Natalie Frank Lends Her Dark Feminist Vision to a New Production of Ballet Austin
Artist Natalie Frank is most well-known for a series of portraits she did subverting the happily-ever-after Grimm Brothers tales in favor of their more sinister roots and an emphasis on female power. In Grimm Tales, a collaboration with Ballet Austin that debuted this past weekend, Frank’s vision is given new life in the sets and costumes in this production, which reimagines three Grimm Brothers fairy tales through a feminist lens.
With Frank’s drawings as a backdrop, the Grimm Tales ballet combines the choreography of Stephen Mills, Ballet Austin’s artistic director; the music of composer Graham Reynolds, who has scored many of Richard Linklater’s films (and collaborated with Mills on previous shows); and the costume design of Tony Award–nominated and New York–based costume designer Constance Hoffman, to achieve a captivating, and at times disturbing, experience.
“I have always dreamed of working on visuals for a ballet, and, specifically, a Ring cycle,” Frank tells Galerie. “Wagner has always compelled such visual imagery in my mind—all-encompassing stories and worlds are and always have been of great interest to me. The entire production of Grimm aims to capture this, and I think it does! It feels like it sprang from my head, and I credit my collaborators for this generosity—the generosity of the process was the most staggering part of all of this.”
The first tale in the performance, “The Frog King,” depicts the true Grimm Brothers ending, which is often overlooked in favor of the more popular—and palatable—ending where the princess kisses the frog to break the spell, transforming him into a prince. In Frank’s version (as in the original Grimms’), the princess, disgusted by the frog, smashes it against a wall.
In the performance, we watch as an animation of one of Frank’s drawings, the splattered body of a frog, slides down the white backdrop. Similarly, in “Snow White,” Frank does away with the prince entirely, and the tale ends with Snow White fiercely battling her stepmother, the evil queen. But Mills and Frank save the darkest tale for last.
In the most evocative scene of “Juniper Tree,” a boy who has been decapitated by his wicked stepmother, is wheeled around the stage wildly on a butcher block as the stepmother chops him up with two massive butcher knives (which were real and apparently sharp—one nicked the dancer during a rehearsal!). There were gasps from the audience as Frank’s animated drawing of a dismembered boy tumbles down the screen behind the dancers.
It is difficult to render such a multimedia collaboration without one element overshadowing the other, particularly when combining dance and visual art. One of the many challenges Frank and Mills faced in the conception of this work was finding a balance within this liminal space. What they created was a stunning dialogue between the dancers and Frank’s paintings as they floated and panned behind them, together providing a more holistic understanding of the fairy tale as it unfolded.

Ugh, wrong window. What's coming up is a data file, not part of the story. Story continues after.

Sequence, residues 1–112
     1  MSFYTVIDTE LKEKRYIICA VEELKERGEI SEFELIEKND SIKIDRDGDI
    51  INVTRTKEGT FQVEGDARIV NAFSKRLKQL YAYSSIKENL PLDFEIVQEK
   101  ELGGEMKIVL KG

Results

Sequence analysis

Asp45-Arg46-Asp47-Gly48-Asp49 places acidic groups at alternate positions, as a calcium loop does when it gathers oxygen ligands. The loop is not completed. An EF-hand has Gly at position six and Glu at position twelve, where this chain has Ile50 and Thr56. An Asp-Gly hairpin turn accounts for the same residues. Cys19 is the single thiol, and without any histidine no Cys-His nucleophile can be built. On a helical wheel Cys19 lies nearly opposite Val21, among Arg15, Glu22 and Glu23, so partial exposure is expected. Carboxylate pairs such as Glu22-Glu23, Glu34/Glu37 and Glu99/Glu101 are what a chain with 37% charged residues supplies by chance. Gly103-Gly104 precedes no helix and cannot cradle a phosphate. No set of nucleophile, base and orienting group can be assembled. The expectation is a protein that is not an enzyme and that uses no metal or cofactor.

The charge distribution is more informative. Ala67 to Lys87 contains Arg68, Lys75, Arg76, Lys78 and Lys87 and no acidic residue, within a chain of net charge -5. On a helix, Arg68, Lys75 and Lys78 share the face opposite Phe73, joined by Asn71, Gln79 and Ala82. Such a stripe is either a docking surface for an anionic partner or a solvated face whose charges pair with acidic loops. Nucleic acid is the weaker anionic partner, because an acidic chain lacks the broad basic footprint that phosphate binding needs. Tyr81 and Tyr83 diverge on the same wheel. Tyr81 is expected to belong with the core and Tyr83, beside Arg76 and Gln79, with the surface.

Even the music—wild and discordant in darker moments yet ringing more traditional when the story warranted—and the costumes, each hand-painted by Jeff Fender Studio, a custom fabric painter whose work has appeared on Broadway for decades, coalesced in a beautifully subtle way. Each element of the show could stand alone as a success on its own, and yet all melded seamlessly to create an evocative, startling, sinister rendition of the familiar tales we all thought we knew.
In her career thus far, this kind of daring is not unfamiliar territory for Frank. Her work often deals with women, storytelling, and the body. “Of course,” she says, “sex and violence come with this.” The Grimm Tales ballet offered Frank a chance to explore these themes from new perspectives and to see her own work in a more expansive way. “This has all taught me about a different type of drawing and storytelling,” she explains, “one for the stage that is viewable and understood almost instantaneously, but one with the capacity to allow unfolding through both movement and imagery.”
Frank lacks depth perception, a condition she shares with other artists such as Pablo Picasso and Rembrandt. Because of this, she says, “I have a difficult time tracking in real time where forms are in space. There is a beautiful fluidity and compositional aspect to watching this ballet, especially as the three tales overlap in movement and storytelling.”
While Frank and Mills explore other venues for staging the ballet in the future, Frank is currently working on a book with Jack Zipes about the 17th-century literary “fairy teller,” as Frank referred to her, Madame D’Aulnoy, whose feminist narratives, such as Cinderella, were ahead of their time and who also coined the term “fairy tale.” A selection of these drawings will be shown at Frieze in May with Frank’s new gallery, Salon 94.